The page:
Research reveals inbreeding contributes to pregnancy loss in Thoroughbreds

New research from the Royal Veterinary College (RVC), in collaboration with Cornell University, has found that inbreeding is a contributing factor to mid and late-term pregnancy loss (MLPL), but not early pregnancy loss (EPL) in Thoroughbreds. This is the first study which explores the effect of genomic inbreeding levels on late term pregnancy loss in the horse and will help inform mating choices to minimise the risk of miscarriages in Thoroughbreds.

Inbreeding is a common practice in the livestock industry because individuals with desirable traits are highly prized for breeding. However, excessive inbreeding is known to increase the probability of uncovering homozygous recessive genotypes, which have previously been associated with an increased risk of retained placenta and lower semen quality in horses.

Approximately five to 10 per cent of equine pregnancies end in early pregnancy loss and a further seven percent of pregnancies are lost between Day 70 of gestation and 24 hours post parturition (MLPL). However to date, there has been no definitive analysis to investigate the association between genomic inbreeding levels and pregnancy loss in horses.

The research team, led by Dr Jessica Lawson, Alborada Trust Research Fellow at the RVC, and Professor de Mestre at the Baker Institute for Animal Health at Cornell University, together with previous PhD student at the RVC, Charlotte Shilton, analysed DNA samples from 189 individuals, including a control group.

The study found that Thoroughbred pregnancies lost in mid and late gestation (MLPL) had significantly higher inbreeding metrics than UK Thoroughbred adults. However, pregnancies lost early in gestation (EPLs) showed no significant difference in inbreeding metrics compared to the adults.

While Thoroughbred breeders make careful selection of their mating and breeding choices, this research shows the critical importance of cognisance in mating decisions in the industry. These findings also highlight the need for further research to continue to identify and characterise genomic changes which may be lethal to the pregnancy.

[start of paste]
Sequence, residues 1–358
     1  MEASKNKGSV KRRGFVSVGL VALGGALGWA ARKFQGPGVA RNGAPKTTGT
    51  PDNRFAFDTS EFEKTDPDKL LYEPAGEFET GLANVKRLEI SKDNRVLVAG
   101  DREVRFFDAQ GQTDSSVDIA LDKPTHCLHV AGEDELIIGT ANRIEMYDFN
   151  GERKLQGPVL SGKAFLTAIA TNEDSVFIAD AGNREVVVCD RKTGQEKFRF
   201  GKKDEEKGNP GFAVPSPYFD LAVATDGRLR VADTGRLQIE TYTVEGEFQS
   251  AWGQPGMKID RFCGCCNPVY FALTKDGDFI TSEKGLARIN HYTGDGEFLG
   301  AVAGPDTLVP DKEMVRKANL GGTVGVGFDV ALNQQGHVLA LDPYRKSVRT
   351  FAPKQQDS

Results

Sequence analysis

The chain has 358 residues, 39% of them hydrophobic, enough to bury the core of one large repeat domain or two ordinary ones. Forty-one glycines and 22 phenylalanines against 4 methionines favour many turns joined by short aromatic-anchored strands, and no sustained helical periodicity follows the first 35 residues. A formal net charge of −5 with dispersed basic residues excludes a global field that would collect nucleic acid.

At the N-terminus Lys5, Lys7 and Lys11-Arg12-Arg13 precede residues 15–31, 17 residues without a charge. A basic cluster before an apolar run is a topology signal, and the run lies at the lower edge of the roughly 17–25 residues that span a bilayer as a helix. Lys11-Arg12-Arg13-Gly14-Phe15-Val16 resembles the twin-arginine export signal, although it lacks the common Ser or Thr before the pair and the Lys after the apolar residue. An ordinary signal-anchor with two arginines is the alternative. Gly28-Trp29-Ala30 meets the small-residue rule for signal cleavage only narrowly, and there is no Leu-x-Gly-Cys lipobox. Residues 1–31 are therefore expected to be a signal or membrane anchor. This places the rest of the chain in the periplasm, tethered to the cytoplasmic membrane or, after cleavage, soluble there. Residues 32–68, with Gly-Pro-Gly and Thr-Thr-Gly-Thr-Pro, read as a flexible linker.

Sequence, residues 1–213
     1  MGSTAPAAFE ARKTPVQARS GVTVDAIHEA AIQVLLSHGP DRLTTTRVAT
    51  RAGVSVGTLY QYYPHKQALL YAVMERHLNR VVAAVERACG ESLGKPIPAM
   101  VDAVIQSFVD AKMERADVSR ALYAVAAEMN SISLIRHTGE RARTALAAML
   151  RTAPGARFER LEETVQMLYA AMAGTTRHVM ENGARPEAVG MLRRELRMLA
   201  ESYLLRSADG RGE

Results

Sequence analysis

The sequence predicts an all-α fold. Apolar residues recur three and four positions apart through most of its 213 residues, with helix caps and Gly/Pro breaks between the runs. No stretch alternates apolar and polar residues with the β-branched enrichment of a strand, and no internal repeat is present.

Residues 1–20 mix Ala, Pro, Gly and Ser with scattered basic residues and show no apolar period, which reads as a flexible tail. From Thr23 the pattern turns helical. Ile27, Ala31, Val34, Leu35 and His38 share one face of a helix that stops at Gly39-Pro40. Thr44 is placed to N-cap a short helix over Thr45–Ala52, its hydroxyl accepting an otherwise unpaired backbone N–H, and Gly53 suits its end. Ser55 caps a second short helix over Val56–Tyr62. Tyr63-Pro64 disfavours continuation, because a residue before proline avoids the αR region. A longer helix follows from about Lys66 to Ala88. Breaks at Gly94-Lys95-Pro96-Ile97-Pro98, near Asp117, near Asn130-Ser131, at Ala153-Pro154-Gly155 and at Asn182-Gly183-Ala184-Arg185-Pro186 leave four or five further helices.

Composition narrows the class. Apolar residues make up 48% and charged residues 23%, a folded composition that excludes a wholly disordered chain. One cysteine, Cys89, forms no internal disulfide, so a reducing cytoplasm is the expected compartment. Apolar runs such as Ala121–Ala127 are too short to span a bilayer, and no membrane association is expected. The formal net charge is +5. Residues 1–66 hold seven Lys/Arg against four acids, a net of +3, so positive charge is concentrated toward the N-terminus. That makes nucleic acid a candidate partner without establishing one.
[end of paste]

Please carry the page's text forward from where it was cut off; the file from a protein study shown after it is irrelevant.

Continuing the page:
Dr Jessica Lawson, Alborada Trust Research Fellow at the RVC, said:

“This research provides critical evidence showing that mating highly related individuals does have a tangible effect on our breeding operations, as there is a real risk of a mare losing her pregnancy late in gestation and failing to produce a foal at all that season.

“The take home from our work should be to carefully consider breeding choices that involve mating of highly related individuals as, ultimately, this may increase the chance of the foal inheriting mutations which may not be compatible with life. We are already working on the next step, looking to identify these changes so more specific advice can be provided in the future”.

This research was funded by the Thoroughbred Breeders Association, Horserace Betting Levy Board, the Alborada Trust, and partial PhD studentship funding from the Royal Veterinary College’s Paul Mellon Trust for Equine Research.

The Royal Veterinary College provides equine reproductive services and neonatal support at the equine hospital and practice in South Hertfordshire.


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